What is the hardest thing about following your dream?
Not having the right support, fear of failure and quitting before dreams are realized. So much sacrifice is required when one is pursuing a dream. We sacrifice friends, family and our environment because we are so focused on chasing greatness that sometimes we lose out. In addition, there are a lot of letdowns: being plagued with self-doubt and the hard work being under appreciated.
Explain your mind space and environment when you sit to create.
For me, a painting starts days, weeks, and sometimes even months before I actually sit down to start drawing it. There is so much to the composition of a drawing. And if I am doing a history piece, then I have to research the idea before I can start drawing.
Who/what exposed you to creating art?
My uncle used to draw in Haiti. Even though it was not anything like what I am doing, I must have picked it up from him. He used to buy me Marvel comic books and I would recreate the characters. That might be around the first time I was exposed to drawing. You know in Haiti, people write a lot of poetry, so they would sometimes come to me so that I'd draw a flower or something like that.
Other than canvas art, what else do you create?
I created a graphic t-shirt line called akomicstee. For those who can't afford a canvas, they could buy a hand-painted t-shirt. I also paint on jackets, boots and sneakers. I can paint on anything.
Do you have a comfort zone when it comes to creating? What I mean is: are there recreations that you are hesitant to try?
As an artist, I do not have any fear when it comes to creating. I believe drawing is the power given to me. I have a license to create what others might be scared to voice aloud. A good example is the painting above about mental health. I do not think about how the audience will receive a piece. Of course, I am mindful of my audience, but I believe my job is to disturb the comfortable and comfort the disturbed. I read that quote from someone and it is the motto by which I live my life as a full time artist.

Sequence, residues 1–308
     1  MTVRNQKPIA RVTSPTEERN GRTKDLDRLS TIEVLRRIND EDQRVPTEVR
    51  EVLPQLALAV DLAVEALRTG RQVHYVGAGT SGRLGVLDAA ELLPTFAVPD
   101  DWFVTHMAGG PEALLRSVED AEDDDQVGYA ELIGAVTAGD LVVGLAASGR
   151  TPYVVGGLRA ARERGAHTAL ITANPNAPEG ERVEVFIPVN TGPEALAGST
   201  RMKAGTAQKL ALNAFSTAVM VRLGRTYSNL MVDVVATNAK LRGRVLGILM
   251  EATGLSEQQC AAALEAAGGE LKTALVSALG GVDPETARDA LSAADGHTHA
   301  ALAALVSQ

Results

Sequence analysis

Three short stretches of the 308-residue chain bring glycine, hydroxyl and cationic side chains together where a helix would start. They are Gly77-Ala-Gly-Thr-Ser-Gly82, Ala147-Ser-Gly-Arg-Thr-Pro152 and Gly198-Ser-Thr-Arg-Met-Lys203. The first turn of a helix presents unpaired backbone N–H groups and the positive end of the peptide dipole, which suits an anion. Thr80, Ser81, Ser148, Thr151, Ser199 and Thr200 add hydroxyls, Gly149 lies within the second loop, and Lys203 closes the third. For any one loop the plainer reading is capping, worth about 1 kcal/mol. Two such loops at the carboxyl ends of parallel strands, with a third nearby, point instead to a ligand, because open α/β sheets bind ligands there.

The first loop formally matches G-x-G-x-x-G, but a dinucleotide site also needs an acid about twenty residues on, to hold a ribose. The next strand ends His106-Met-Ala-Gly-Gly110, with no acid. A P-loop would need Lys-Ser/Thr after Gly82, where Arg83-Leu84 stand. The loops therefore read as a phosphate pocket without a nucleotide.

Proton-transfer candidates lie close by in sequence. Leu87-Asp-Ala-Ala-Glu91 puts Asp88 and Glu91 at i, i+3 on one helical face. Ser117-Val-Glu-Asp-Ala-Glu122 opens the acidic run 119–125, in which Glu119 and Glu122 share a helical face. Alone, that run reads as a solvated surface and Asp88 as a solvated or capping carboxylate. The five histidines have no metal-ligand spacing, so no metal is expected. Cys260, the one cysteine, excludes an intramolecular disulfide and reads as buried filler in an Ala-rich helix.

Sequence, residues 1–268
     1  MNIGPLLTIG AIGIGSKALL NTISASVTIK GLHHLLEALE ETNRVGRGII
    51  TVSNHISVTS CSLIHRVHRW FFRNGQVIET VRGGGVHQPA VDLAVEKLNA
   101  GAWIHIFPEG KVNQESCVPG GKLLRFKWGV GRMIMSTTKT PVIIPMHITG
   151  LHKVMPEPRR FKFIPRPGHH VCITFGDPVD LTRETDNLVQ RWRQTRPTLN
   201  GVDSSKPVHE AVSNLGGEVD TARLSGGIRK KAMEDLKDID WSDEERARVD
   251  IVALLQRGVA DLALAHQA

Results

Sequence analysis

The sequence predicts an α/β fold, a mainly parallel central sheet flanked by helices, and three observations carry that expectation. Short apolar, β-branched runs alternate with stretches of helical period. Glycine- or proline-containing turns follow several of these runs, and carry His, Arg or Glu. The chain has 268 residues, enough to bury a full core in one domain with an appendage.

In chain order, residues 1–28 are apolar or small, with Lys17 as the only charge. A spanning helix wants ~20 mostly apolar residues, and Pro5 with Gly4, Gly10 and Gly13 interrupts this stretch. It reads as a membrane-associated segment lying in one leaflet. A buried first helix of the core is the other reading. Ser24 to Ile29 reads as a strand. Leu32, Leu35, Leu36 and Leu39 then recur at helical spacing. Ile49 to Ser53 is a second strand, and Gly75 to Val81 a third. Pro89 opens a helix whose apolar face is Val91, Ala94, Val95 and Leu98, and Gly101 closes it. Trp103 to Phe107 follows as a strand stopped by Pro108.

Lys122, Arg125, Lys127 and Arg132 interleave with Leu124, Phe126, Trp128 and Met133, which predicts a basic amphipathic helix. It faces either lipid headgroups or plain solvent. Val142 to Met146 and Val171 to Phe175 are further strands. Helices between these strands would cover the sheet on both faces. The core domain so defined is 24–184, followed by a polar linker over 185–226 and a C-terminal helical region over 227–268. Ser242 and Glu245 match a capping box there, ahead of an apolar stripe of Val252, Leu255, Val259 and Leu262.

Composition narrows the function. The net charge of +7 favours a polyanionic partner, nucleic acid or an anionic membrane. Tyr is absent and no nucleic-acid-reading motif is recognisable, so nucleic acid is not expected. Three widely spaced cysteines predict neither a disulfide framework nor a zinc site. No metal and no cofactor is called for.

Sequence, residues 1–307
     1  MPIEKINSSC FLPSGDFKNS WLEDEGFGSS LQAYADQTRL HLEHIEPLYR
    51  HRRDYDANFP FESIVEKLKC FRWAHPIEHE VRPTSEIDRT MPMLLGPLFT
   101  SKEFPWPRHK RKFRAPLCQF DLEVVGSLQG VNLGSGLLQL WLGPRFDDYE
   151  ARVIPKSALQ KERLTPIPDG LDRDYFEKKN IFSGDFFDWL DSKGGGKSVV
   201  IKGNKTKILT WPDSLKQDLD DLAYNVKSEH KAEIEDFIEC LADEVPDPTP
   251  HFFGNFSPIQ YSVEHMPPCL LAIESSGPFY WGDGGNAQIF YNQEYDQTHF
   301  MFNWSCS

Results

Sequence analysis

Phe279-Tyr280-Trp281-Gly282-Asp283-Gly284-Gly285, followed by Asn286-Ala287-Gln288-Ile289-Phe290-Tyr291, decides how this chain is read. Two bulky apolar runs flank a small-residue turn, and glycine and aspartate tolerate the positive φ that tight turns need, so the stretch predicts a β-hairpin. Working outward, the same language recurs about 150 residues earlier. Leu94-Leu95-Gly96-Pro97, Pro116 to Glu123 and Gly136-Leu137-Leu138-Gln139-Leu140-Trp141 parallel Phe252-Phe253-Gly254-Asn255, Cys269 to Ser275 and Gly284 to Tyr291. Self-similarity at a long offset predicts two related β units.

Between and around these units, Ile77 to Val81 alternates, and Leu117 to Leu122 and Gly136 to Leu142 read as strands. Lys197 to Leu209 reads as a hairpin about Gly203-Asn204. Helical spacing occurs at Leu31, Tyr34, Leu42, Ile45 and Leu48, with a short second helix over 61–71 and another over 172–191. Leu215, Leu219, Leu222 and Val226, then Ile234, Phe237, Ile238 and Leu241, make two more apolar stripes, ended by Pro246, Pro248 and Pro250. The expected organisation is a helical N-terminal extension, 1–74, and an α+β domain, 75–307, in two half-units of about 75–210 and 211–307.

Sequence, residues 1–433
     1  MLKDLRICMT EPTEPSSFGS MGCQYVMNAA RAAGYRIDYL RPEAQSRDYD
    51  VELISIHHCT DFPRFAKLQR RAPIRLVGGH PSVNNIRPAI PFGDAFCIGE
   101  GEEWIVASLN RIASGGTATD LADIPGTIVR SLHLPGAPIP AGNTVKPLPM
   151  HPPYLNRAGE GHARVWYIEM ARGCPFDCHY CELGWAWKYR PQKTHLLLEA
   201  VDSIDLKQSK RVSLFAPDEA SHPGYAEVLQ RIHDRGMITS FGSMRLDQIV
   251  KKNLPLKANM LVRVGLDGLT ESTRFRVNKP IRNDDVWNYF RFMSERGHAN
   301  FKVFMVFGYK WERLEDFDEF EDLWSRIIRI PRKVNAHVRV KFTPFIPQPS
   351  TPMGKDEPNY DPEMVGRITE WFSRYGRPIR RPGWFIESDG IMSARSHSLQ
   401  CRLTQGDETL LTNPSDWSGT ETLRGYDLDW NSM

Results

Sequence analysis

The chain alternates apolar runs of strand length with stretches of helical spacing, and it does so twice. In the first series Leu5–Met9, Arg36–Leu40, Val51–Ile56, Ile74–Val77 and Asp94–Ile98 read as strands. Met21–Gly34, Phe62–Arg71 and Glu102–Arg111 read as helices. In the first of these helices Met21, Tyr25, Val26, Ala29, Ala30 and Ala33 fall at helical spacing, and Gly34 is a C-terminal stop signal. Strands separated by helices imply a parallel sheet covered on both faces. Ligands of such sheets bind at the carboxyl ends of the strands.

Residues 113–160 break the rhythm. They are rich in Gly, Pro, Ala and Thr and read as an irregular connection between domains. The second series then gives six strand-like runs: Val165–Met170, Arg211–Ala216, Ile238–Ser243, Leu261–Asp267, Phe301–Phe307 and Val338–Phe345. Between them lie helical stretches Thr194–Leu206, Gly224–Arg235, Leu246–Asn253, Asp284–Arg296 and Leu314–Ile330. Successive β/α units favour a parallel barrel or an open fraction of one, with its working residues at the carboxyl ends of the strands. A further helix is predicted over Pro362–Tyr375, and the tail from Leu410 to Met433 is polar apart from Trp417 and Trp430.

What are some misconceptions that you confront with your culture that you attempt to eliminate using your art?
I hate any negative stereotypes coming out of my country. Most people perceive Haiti and Haitians based solely on what they see on the news and it is usually negative. Therefore, I like using my art to challenge and hopefully change these misconceptions. I enjoy painting a new image of Haiti for those who have never been and for those who are from Haiti but perhaps have bad memories.
Where do you see yourself in five years?
I want to be known internationally. I want to grow artistically. I want to have my own gallery. All of that comes with sacrifice, hard work, and dedication.